When I was 6 years old, my parents got me a used bicycle for Christmas.
A year or so later, I badly wanted a Sting-Ray, a tricked-out bike that was wildly popular in the 1960s. So my father took my old bike, slapped a new coat of paint on it, and equipped it with a banana seat, monkey handlebars and a sissy bar.
It didn't matter to me that some friends had new Sting-Rays straight from the Schwinn factory. Or even that my dad put the sissy bar on backward, which exposed me to some teasing before we fixed it. I loved that bike.
So it was for my childhood. We weren't poor. But we always had modest Christmases. And I expected to do the same when I got married 27 years ago.
My wife, Clarissa, had different ideas. She, too, had some modest Christmases growing up. She vividly remembers when she was 14 or 15 years old and her father lost his job in the construction industry. She overheard her parents talking about how broke they were.
So when her parents asked her what she wanted that year, she said, 'Nothing.' When her mother insisted she had to get something, Clarissa asked for socks. 'I felt very good about myself afterward,' she recalls.
But as her family's finances improved, Christmas went back to being a much bigger production. By the time I arrived on the scene, the entire family -- more than 20 people -- would gather at her grandmother's house in Mexicali, Mexico, on Christmas Eve. Around 10 p.m., Santa (my future brother-in-law in a costume) showed up with an enormous bag of presents and stepped into a roomful of children shrieking with joy.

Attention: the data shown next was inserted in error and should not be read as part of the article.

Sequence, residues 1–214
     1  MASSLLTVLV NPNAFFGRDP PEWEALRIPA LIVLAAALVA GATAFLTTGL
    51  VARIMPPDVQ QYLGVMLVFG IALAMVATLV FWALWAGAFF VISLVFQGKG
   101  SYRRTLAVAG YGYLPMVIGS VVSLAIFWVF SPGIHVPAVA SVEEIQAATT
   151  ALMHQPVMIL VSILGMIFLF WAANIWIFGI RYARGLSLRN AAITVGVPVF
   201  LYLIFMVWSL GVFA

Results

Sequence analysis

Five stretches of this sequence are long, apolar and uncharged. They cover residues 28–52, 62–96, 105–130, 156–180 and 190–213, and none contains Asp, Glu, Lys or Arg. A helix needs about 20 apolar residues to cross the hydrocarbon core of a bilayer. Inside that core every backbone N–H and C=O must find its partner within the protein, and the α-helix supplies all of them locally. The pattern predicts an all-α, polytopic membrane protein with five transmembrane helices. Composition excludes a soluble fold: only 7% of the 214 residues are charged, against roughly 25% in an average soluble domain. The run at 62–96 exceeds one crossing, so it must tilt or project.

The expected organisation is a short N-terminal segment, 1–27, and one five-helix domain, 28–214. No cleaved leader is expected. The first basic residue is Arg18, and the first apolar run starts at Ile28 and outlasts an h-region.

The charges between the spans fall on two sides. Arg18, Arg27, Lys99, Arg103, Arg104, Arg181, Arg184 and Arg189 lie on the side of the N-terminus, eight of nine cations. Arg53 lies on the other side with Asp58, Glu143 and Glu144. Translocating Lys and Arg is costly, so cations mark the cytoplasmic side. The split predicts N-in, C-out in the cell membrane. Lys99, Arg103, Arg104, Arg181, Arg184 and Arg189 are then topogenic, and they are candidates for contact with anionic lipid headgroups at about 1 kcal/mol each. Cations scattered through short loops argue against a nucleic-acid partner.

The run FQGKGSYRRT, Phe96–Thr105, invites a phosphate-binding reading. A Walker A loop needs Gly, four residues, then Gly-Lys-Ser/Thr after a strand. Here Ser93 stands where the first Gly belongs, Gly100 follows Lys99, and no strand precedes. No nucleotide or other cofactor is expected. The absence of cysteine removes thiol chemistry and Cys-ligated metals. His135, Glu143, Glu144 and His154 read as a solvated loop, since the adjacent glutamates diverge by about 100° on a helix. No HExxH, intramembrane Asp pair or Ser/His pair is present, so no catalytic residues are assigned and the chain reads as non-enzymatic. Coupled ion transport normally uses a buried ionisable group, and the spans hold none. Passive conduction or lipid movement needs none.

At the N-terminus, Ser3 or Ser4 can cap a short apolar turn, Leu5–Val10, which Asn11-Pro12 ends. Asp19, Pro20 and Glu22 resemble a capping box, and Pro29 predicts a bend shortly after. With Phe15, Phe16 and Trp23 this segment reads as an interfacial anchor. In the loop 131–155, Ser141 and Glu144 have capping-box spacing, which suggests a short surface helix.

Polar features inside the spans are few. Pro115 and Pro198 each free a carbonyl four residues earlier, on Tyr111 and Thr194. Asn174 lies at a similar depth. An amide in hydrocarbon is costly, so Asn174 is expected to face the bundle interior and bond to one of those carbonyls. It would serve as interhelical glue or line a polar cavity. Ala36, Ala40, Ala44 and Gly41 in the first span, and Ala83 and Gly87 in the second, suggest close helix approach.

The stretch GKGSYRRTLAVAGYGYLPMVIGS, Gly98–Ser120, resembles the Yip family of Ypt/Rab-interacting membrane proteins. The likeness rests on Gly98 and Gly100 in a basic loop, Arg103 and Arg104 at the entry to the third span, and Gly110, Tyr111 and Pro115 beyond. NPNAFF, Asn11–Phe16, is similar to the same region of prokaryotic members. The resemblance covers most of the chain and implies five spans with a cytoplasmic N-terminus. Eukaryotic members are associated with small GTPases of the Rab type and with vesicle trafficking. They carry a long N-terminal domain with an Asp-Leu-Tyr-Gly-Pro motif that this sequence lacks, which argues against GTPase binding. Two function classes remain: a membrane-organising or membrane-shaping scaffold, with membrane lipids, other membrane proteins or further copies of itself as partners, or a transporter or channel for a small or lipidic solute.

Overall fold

'It was all about the children,' says Clarissa, who thought the experience was priceless. And she has spent hundreds of dollars on presents every year to duplicate it.
I, in turn, kept trying to relive my childhood. When our oldest son turned 5, I got him a used bike for $35. He seemed happy enough with it.
I've had my victories over the years. Still, Clarissa has generally decided which presents our three kids got. And while their take hasn't been outlandish, they have certainly received their share of videogames and other yuletide paraphernalia.
It wouldn't be so bad if it was just the five of us. But there are my parents and my brother's family. And Clarissa comes from a much bigger family, with three siblings, multiple aunts, uncles and cousins, and an ever-expanding population of nieces and nephews. At one point, she was buying presents for close to 30 people, plus friends, neighbors, even the garbage collectors.
That costs money.
One year in the early 1990s, when Clarissa was still working, she recalls spending $2,000 on presents, the Christmas tree, food for family gatherings and the like. Thankfully, I didn't know the extent of it or I would have blown a gasket.
In recent years, as her nephews and nieces have grown up, spending has been more restrained. A few years ago, the adults in her family switched to a gift-exchange system, in which everyone gives a gift to one other person, instead of giving gifts to everyone. That saved a lot of money.
This year, times are tougher. Clarissa's sister works in banking, and one of her brothers does construction. Both industries are laying off workers.
So when Clarissa and I talked a few weeks ago about her family's annual gift exchange for adults, we both thought it made sense to restrict gifts to children. She broached the idea with her family, and it fell flat.
'We have to have something to unwrap, even if it's just the ribbon,' one of her aunts told her.
That was enough for Clarissa. 'If you want to drop out of the gift exchange, go ahead,' Clarissa told me the other day. 'But the rest of us are going ahead.'
Well, I might as well paint a target on myself. Count me in.